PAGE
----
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DialogDesign, Skovkrogen 3, 3660 Stenløse, Denmark, dialogdesign@dialogdesign.dk, +45 4717 1731
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User-Centered Design - Users' Advocate

DialogDesign can be user advocates in your user-centered design process. Based on specific data from observation, interviews of typical users, etc., the advocate pleads for a user experience that’s both useful and usable.

The advocate’s main task is to ensure that user viewpoints are heard. The advocate makes an argument based on data and measurements from real users - not opinions.

DialogDesign has limited knowledge about graphic design. For projects that involve graphic design, we use subcontractors.

DialogDesign uses the following methods to determine what users really want and need:

·       Observation

·       Interviews

We use the recognized “master-apprentice” interviewing technique. See the column to the right.

·       Card sorting

We use card sorting, with one task per card, to get users to prioritize tasks or to get them to help us determine the menu structure that’s ideal from their point of view.

·       Tests of primitive prototypes

We use iterative design to ensure the right functionality and maximum usability. Iterative design means alternating between design, test, redesign, test, etc.

·       Careword analysis

This analysis method identifies the keywords that users care particularly for. These “carewords” must appear prominently on web pages and in product descriptions. The method is based on questionnaires and interviews and was developed by DialogDesign’s partner, Gerry McGovern.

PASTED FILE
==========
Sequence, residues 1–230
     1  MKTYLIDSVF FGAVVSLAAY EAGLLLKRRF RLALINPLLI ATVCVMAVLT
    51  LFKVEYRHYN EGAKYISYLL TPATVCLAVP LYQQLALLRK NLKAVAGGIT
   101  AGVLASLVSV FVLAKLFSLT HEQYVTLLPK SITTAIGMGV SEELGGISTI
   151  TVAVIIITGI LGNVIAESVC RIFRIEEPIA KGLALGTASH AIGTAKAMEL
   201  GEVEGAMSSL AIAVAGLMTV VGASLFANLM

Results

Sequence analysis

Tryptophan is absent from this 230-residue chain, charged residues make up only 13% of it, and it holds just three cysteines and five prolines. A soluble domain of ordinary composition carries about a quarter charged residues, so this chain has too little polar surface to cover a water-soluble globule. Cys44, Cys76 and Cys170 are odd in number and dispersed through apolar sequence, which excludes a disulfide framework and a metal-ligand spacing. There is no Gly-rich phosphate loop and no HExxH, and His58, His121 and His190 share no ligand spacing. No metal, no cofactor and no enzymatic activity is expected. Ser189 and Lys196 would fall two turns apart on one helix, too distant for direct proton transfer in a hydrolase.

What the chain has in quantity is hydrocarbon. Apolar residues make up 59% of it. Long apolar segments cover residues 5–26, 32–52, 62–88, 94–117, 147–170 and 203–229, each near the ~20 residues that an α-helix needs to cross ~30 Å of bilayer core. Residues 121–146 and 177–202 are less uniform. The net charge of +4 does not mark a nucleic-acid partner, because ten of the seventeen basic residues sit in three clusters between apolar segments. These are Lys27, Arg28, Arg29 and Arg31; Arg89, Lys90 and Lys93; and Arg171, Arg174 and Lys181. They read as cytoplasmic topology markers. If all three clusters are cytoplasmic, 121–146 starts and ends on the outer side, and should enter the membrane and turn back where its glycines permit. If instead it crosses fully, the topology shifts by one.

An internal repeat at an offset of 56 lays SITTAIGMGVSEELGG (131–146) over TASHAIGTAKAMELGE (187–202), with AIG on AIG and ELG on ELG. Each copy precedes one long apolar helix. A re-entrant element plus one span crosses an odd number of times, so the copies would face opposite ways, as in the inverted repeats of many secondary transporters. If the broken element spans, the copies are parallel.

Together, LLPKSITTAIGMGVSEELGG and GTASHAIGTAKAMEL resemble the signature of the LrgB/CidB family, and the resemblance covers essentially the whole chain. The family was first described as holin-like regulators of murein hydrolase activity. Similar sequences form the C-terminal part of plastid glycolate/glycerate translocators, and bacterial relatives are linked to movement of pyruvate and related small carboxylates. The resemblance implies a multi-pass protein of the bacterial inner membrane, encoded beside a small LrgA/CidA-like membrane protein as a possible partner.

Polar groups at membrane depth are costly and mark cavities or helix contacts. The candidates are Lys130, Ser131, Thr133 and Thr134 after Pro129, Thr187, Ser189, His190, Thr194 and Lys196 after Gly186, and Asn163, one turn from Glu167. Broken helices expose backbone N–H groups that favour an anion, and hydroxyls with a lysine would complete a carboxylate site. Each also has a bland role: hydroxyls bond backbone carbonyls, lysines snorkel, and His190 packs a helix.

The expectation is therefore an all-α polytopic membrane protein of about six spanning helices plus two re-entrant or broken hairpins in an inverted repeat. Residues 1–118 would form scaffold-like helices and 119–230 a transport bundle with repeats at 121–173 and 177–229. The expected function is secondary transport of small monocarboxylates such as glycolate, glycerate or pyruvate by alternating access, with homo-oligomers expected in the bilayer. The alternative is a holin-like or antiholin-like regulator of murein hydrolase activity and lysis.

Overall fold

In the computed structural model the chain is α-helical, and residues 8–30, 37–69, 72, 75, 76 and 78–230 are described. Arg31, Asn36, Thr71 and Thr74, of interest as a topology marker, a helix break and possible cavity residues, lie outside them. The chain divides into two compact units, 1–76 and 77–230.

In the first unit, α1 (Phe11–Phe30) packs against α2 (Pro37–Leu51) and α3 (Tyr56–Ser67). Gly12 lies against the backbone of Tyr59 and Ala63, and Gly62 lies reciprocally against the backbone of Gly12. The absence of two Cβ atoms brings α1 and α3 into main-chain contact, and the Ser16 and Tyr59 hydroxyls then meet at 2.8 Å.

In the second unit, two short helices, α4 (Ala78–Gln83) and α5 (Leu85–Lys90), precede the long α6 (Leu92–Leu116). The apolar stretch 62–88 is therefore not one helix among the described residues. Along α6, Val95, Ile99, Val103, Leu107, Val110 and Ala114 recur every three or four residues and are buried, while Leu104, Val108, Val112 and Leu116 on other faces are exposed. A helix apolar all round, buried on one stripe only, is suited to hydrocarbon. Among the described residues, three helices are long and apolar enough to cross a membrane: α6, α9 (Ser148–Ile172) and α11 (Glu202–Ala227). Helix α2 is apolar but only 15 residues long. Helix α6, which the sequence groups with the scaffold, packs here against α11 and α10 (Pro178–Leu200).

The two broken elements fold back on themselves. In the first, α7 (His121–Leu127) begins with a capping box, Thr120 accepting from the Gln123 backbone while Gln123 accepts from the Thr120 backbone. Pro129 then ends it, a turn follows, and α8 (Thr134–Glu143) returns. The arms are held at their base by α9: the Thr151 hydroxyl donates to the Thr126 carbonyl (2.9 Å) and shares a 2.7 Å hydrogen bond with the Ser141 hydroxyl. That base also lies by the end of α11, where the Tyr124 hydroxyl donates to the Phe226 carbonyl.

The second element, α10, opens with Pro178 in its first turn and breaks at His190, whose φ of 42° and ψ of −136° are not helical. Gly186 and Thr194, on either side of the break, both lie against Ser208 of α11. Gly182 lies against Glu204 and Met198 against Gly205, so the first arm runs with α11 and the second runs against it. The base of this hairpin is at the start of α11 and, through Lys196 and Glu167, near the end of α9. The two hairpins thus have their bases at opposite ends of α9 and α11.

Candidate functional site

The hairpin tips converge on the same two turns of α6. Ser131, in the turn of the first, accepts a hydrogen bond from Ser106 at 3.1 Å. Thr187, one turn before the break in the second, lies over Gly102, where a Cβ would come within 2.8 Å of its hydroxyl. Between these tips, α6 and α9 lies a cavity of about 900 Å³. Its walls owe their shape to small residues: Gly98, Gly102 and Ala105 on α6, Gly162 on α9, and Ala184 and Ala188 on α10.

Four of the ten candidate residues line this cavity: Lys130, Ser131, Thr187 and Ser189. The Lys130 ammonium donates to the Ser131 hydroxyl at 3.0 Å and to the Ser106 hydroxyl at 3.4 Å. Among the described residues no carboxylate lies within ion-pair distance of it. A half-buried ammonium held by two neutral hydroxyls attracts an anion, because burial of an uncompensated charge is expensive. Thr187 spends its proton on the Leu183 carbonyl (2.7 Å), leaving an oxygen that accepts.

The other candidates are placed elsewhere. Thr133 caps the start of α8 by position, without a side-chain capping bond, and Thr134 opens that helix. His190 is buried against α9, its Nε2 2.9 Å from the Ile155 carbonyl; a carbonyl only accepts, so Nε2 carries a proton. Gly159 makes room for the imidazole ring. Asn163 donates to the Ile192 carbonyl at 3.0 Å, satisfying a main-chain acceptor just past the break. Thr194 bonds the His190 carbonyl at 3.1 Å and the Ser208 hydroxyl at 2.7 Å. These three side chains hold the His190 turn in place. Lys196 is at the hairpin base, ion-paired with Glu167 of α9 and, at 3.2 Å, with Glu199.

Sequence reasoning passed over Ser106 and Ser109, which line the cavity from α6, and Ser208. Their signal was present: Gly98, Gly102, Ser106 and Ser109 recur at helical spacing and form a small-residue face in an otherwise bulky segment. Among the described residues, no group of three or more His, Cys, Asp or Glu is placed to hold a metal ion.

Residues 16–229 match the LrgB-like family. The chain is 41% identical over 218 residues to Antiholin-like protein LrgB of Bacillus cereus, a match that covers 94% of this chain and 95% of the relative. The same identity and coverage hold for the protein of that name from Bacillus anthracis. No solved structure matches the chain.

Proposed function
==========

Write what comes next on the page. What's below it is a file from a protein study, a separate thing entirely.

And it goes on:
We communicate results to you through

·       presentations and short reports

·       personas (stereotypical users)

·       representative usage scenarios

These methods are discussed further in the book Usable Web Design.

How to Conduct a Successful Interview


Tips for a successful and reliable interview:

·      Conduct the interview in context - that is, at the user's desk while the user is performing the task. For example, to gather information about an ordering procedure, interview users while they place a real order.

·      Make the user talk. Use open questions - ones that can’t be answered with single words such as “yes” or “no.”

·      Use neutral questions - that is, those that contain no built-in assumptions. Avoid leading questions.

·      Use the master-apprentice questioning approach. The user is the master, and the interviewer is the humble and curious apprentice. The point of departure is that everything the master says is correct but perhaps not always immediately comprehensible.

·      Use a checklist. An interview often resembles the path of a butterfly: it flutters around but reaches its target anyway. The checklist helps you cover all topics in spite of the irregular path.

Does it sound complicated? We can help!

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